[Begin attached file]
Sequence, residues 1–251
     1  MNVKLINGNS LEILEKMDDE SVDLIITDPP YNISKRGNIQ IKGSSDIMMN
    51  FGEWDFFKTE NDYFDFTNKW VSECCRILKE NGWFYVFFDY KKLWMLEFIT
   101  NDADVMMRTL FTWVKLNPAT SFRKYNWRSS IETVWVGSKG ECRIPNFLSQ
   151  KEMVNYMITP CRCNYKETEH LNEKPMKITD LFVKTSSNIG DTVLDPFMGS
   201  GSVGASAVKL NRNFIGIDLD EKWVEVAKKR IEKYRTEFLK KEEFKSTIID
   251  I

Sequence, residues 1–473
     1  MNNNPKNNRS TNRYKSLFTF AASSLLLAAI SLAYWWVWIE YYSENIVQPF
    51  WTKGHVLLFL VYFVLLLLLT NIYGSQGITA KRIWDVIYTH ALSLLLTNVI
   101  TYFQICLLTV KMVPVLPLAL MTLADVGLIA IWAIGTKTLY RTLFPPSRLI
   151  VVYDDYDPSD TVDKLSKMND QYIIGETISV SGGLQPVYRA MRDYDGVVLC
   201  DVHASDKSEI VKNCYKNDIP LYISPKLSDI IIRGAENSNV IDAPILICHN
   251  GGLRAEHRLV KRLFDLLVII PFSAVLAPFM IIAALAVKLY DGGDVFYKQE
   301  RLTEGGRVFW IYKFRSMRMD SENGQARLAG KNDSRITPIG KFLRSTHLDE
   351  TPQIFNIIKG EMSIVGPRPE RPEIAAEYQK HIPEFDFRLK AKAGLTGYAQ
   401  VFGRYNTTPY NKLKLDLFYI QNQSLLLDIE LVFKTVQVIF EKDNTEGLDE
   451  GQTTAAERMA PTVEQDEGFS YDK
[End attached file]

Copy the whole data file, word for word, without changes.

Sequence, residues 1–251
     1  MNVKLINGNS LEILEKMDDE SVDLIITDPP YNISKRGNIQ IKGSSDIMMN
    51  FGEWDFFKTE NDYFDFTNKW VSECCRILKE NGWFYVFFDY KKLWMLEFIT
   101  NDADVMMRTL FTWVKLNPAT SFRKYNWRSS IETVWVGSKG ECRIPNFLSQ
   151  KEMVNYMITP CRCNYKETEH LNEKPMKITD LFVKTSSNIG DTVLDPFMGS
   201  GSVGASAVKL NRNFIGIDLD EKWVEVAKKR IEKYRTEFLK KEEFKSTIID
   251  I

Sequence, residues 1–473
     1  MNNNPKNNRS TNRYKSLFTF AASSLLLAAI SLAYWWVWIE YYSENIVQPF
    51  WTKGHVLLFL VYFVLLLLLT NIYGSQGITA KRIWDVIYTH ALSLLLTNVI
   101  TYFQICLLTV KMVPVLPLAL MTLADVGLIA IWAIGTKTLY RTLFPPSRLI
   151  VVYDDYDPSD TVDKLSKMND QYIIGETISV SGGLQPVYRA MRDYDGVVLC
   201  DVHASDKSEI VKNCYKNDIP LYISPKLSDI IIRGAENSNV IDAPILICHN
   251  GGLRAEHRLV KRLFDLLVII PFSAVLAPFM IIAALAVKLY DGGDVFYKQE
   301  RLTEGGRVFW IYKFRSMRMD SENGQARLAG KNDSRITPIG KFLRSTHLDE
   351  TPQIFNIIKG EMSIVGPRPE RPEIAAEYQK HIPEFDFRLK AKAGLTGYAQ
   401  VFGRYNTTPY NKLKLDLFYI QNQSLLLDIE LVFKTVQVIF EKDNTEGLDE
   451  GQTTAAERMA PTVEQDEGFS YDK